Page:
I used to work with a false SSN, was then accepted for DACA's work permit; how do I file my taxes?

Asked 3 months ago - Memphis, TN

Before DACA, I used to work with a false SSN. As soon as my DACA application was accepted and I received my work permit, I got a new job and started working with my new SSN (the real one). Tax season is now here and I'm not sure weather I can/should report the W2 form for my previous job. Last year, when I reported my taxes, I reported them with an ITIN number, not a SSN. This year, I will be reporting with my SSN and the W2 for my new job. But, I am not sure if I should also report the W2 for the job I worked with a fake SSN and a fake residential card.

Attorney answers (3)

  1. Giacomo Jacques Behar

    Pro

    Contributor Level 20

    3

    Lawyers agree

    Answered . You should talk to an accountant or CPA about this.

    Kindly be advised that the answer above is only general in nature cannot be construed as legal advice, given that... more
  2. Pamela Williams Kelly

    Contributor Level 4

    1

    Lawyer agrees

    Answered . I suggest that you contact a tax preparer that may be familiar with your situation. While there are many tax preparers this time of the year, I encourage you to find one that has a focus on undocumented clients as a specialty area. I have worked with such a business before with my clients and they were happy with the results.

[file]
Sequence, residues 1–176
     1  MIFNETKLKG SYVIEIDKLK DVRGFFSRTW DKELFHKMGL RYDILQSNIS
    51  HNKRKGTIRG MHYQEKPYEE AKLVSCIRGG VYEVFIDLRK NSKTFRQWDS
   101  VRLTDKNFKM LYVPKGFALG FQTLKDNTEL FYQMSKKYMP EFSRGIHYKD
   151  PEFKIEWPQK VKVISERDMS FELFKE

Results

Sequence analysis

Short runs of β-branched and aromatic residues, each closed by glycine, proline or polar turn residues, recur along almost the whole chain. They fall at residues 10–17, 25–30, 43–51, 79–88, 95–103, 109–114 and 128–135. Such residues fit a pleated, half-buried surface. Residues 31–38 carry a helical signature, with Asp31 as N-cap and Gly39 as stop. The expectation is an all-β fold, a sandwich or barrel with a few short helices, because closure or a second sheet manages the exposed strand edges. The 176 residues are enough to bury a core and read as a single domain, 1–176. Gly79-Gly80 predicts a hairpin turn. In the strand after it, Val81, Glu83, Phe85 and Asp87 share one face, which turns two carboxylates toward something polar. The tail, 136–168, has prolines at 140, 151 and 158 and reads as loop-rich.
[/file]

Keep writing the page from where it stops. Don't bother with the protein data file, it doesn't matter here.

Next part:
--PWK

    The answer provided is general advice and does not constitute the establishment of an attorney-client relationship.... more
  3. Gerald P. Goulder

    Pro

    Contributor Level 12

    2

    Lawyers agree

    Answered . I agree this is a tax issue, and may need to be resolved with an accountant. However, I have some concerns about the "false" SSN. If it was a SSN that has been issued to another person, there could be identity theft circumstances involved. If you applied for DACA with the assistance of an immigration attorney, you should discuss implications of using the false SSN with him/her. If not, then just appreciate that the SSN you previously used--the "false" SSN--may have actually been assigned to and belonged to someone else, and your use of that SSN could have consequences for the "true holder" of that SSN.

    The person who posted this question, as well as anyone else who reads this response, should understand that the... more

Can't find what you're looking for? Ask a Lawyer

Get free answers from experienced attorneys.

 

Ask now

23,424 answers this week

2,704 attorneys answering

Legal Dictionary

Don't speak legalese? We define thousands of terms in plain English.

Browse our legal dictionary